NCA puts on July 4th parade
July 1, 2016
The Fourth of July is a special time in Niwot because it not only celebrates America’s freedom, but does so with the only parade in Boulder County for the holiday.
Julie Breyer, third-grade teacher at Niwot Elementary School, is part of the Niwot Community Association (NCA) and has been the chair of the parade for the past three years. This will be the NCA’s fourth year orchestrating the parade (that will take place on Monday, July 4), although the parade has been around for many years. Breyer said the parade is a great event for families.
There will be the usual pancake breakfast that many look forward to, and this year’s proceeds will be going to MaryJo Wysoki, a familiar face to Winot Coffee fans, who is battling cancer. Wysoki was supposed to receive the proceeds from the Easter egg hunt’s pancake breakfast, but since that was canceled the community still wanted to donate to Wysoki.
“The parade itself is a completely free event and we have the pancake breakfast,” Breyer explained. “The proceeds from the pancake breakfast this year are going to MaryJo. She’s still in need of some backup funds and has managed Winot Coffee since it opened. The community support has been phenomenal.”
Wysoki has been involved in the Niwot community for many years and Breyer said giving her these proceeds is the least the community can do. She knows Wysoki doesn’t take these donations for granted, and is thankful for the community’s support.
“I know she’s very appreciative and grateful for everything the community has given her,” Breyer said. “She’s an amazing person and is really hoping to get back in [Winot Coffee] as soon as she can.”
The NCA also gives donations to various kid’s organizations around town, and this year’s recipients are the Niwot High School cheerleaders, band and football team. The three groups will be volunteering in various ways during the event.
“We give a donation to the [Niwot] cheerleaders and band, and the football team works with Big Tom at Abo’s to make money selling water,” Breyer said. “We open up as many opportunities as possible to local groups.”
This year, the cheerleaders will be overseeing the bike decorations and have already organized all the decorations into packets for nearly 100 kids who ride their bikes in the parade. They will be there to help the kids decorate their bikes and make sure everything runs smoothly, which hasn’t always been the case in previous years.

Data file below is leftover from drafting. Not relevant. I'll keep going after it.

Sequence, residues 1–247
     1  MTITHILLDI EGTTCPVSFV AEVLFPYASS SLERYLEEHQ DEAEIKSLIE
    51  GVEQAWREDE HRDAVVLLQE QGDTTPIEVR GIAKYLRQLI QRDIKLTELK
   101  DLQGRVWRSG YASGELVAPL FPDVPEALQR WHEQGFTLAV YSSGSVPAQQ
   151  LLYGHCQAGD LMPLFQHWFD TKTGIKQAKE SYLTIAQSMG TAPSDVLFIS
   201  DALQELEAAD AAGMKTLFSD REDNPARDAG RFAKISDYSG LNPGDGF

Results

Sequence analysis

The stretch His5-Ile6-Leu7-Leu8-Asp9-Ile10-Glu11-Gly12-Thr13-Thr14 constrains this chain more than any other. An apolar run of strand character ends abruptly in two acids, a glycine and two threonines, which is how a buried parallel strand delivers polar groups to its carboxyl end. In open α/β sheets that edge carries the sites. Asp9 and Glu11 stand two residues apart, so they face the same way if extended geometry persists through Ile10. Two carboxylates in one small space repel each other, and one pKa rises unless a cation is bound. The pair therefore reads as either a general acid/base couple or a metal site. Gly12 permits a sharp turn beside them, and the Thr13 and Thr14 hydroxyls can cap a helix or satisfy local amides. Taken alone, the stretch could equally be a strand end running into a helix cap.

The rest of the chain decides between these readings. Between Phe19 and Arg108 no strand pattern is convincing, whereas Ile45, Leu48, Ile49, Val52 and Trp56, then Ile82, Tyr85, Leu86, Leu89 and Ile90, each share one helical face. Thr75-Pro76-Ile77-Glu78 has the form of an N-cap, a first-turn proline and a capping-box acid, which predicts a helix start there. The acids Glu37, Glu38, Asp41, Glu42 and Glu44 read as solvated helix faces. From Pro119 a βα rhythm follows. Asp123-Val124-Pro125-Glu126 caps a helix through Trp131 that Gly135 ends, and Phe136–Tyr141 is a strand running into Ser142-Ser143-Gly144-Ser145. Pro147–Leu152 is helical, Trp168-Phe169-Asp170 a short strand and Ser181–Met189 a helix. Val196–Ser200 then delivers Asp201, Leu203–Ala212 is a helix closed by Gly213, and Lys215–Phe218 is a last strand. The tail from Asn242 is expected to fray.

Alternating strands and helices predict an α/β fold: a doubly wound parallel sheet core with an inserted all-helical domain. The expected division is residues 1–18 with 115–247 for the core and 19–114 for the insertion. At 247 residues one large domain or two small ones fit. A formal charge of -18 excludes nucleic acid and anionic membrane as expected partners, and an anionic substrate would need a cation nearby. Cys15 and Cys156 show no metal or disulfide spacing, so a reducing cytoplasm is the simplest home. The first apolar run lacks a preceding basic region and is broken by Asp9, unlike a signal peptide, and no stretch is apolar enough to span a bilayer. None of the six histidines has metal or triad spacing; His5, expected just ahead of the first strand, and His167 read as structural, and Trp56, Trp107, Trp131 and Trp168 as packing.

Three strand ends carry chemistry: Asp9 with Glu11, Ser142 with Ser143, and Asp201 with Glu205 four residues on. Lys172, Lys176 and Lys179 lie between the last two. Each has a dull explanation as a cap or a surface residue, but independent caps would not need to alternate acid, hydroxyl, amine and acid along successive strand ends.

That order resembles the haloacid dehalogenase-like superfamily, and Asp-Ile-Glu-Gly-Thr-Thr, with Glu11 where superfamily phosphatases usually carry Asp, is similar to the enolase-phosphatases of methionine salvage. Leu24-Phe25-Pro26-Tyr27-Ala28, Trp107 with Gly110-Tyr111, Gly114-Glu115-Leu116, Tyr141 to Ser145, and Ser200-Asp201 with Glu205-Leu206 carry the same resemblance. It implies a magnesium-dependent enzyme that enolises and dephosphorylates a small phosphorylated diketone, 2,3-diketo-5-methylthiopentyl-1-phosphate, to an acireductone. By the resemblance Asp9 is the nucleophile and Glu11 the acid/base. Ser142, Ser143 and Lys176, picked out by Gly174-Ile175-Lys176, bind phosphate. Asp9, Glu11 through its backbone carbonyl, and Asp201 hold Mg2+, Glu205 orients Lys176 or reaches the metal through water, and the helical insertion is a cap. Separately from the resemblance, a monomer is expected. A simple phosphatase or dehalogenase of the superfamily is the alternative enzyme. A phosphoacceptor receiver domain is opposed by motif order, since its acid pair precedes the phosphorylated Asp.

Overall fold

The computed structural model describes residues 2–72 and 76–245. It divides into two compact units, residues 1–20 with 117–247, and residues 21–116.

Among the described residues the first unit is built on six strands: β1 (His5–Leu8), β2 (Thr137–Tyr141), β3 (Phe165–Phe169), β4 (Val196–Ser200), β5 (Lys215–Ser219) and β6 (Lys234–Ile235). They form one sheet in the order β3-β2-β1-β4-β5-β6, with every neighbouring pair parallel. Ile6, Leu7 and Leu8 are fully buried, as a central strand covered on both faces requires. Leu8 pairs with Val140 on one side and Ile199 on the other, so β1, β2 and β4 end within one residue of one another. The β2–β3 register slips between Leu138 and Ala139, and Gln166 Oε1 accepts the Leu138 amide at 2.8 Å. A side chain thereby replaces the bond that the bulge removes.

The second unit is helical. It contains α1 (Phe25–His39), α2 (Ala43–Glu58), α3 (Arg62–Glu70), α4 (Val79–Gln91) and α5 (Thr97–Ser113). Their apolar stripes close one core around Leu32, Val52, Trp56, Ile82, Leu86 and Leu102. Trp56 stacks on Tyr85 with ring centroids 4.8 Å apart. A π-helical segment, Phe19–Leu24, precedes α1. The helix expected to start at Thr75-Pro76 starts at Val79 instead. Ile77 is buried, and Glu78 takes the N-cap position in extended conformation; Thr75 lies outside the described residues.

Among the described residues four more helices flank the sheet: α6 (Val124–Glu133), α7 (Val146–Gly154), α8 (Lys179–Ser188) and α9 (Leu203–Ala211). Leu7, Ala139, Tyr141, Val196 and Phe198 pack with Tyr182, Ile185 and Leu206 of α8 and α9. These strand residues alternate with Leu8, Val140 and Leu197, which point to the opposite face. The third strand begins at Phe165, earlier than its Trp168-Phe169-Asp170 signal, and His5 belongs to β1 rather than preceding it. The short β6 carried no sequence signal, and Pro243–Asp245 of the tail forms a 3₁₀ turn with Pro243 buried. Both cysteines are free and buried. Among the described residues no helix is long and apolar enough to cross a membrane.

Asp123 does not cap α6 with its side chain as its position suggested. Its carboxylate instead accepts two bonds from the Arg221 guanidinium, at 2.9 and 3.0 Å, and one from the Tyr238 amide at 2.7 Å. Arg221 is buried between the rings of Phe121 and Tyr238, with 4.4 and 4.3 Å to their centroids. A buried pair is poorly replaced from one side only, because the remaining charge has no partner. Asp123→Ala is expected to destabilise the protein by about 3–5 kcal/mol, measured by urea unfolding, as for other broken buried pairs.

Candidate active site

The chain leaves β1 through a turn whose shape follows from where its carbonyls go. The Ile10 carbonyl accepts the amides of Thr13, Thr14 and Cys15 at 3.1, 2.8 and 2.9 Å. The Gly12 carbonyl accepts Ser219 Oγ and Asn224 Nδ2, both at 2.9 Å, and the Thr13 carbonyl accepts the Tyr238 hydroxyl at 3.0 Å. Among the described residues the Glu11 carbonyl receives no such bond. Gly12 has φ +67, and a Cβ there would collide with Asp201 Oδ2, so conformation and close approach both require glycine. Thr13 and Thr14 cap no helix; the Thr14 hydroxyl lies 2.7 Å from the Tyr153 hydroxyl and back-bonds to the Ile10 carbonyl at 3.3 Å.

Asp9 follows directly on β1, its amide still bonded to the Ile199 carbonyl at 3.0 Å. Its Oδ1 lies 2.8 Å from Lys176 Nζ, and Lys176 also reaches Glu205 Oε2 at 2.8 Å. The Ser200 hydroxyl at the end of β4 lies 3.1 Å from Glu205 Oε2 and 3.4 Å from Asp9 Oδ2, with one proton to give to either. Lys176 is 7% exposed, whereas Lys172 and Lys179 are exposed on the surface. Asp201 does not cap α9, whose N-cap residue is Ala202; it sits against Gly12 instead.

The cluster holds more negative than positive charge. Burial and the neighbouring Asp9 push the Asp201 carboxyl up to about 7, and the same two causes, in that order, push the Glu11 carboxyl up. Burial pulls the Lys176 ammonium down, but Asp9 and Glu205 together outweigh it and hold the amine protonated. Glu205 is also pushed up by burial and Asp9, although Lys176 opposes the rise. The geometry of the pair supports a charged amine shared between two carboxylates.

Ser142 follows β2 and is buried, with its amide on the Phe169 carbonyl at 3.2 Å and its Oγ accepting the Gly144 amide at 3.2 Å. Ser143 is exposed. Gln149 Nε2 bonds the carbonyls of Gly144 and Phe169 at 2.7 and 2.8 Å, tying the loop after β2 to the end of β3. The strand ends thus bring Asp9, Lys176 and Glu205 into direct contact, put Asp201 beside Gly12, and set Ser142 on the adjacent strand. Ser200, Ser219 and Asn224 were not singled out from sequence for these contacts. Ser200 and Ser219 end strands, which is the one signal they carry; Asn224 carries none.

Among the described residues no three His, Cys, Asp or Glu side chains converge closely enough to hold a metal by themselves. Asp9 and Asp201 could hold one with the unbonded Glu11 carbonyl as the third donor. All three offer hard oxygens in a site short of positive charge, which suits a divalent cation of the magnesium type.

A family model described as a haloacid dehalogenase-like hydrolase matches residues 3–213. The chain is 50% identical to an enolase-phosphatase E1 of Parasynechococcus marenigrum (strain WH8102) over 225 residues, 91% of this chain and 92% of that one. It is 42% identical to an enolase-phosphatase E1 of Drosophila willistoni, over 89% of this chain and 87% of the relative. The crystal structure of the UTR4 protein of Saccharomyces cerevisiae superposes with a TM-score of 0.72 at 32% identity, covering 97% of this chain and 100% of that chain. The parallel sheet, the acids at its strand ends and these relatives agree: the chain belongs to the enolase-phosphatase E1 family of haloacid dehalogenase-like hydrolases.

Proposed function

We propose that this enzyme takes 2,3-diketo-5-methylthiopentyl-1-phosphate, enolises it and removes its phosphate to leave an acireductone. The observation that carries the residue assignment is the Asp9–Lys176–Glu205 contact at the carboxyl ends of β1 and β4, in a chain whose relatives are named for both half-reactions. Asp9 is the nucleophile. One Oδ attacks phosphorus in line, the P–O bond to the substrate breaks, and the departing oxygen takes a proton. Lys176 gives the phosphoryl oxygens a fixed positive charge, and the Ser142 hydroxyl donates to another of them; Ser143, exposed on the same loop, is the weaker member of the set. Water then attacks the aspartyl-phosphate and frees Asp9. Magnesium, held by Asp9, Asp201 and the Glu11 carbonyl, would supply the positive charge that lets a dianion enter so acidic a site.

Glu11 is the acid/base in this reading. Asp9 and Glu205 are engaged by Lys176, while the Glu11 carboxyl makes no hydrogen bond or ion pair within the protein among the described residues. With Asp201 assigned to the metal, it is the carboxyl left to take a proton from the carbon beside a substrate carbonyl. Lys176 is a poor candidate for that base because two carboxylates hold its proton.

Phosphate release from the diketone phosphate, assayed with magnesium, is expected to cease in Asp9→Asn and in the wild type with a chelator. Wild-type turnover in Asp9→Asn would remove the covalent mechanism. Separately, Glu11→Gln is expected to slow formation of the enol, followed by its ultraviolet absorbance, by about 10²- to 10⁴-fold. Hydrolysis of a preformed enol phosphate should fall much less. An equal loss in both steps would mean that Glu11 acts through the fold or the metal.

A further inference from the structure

“The bike decorations have been a little bit of a learning experience,” Breyer explained. “The first year we just put stuff out there and there weren’t any rules. So we learned about that. The second year Cindy [Butler] put out packets that have cards and clothespins, streamers, pinwheels and all kinds of stuff.”
Breyer hasn’t put together this event all on her own though. She recognized the other members of parade committee, which includes Kathy Koehler, who Breyer describes as her co-chair, Pat Murphy, who organizes the pancake breakfast, and Butler, who assists with the bike decorating, among the many other volunteers who make the event possible.
“It’s a pretty well-oiled machine at this point, but we have new stuff every year,” Breyer said of the event.
At the pancake breakfast this year, a presentation of a walking stick will be made to a veteran. The walking stick was crafted and donated by John Barnett, who approached the NCA and told them he would like to donate one of his walking sticks. Barnett has donated over 350 walking sticks to veterans over the last 10 years.
“We’re going to make a presentation to a veteran this year with the walking stick,” Breyer explained. “[Barnett] finds fallen aspen tree branches, cuts them to the right size, sits in the sun and uses a magnifying glass to burn designs into these walking sticks, then donates them to veterans at different events.”
People are able to nominate a veteran at the NCA’s website, Niwot.org, and the NCA will choose a veteran from the nominations.
After the morning festivities, the parade will begin at 11 a.m. and head west on 2nd Avenue. Although people are encouraged to sign up to walk in the parade ahead of time, Breyer said, “We just let them in the lineup. If you show up the morning of the parade, we’ll let you in.”
The event-filled morning is pretty fluid; there’s not a firm schedule for the events. The pancake breakfast will begin at 7:30 a.m., bike decorating will begin at 8:30 a.m., and the Niwot Semi-Marching Free Grange Band will play a concert from 9-10 a.m. The parade lineup will begin at 10:30 a.m. with the parade starting promptly at 11 a.m.
Breyer said with all the events happening throughout the morning, her hope is that the parade festivities create lasting memories of small-town life for those who come.
“Our goal is that it represents small town America,” Breyer said of the parade, “that it’s family friendly, that it’s fun, and that there’s something for everybody to [do]... This is what small town America looks like. It still exists and it exists in our families, in our children and in our friends.”
Breyer pointed out that the Fourth of July isn’t just an excuse to have a fun parade in town, but to recognize the country we live in and the opportunities available to those who call America home.
“For me personally, I would hope people walk away feeling patriotic,” she said, “that they would walk away feeling that we live in a pretty amazing country. We have opportunities that a lot of other people don’t have, and I would like people to walk away with just that feeling of family and freedom.”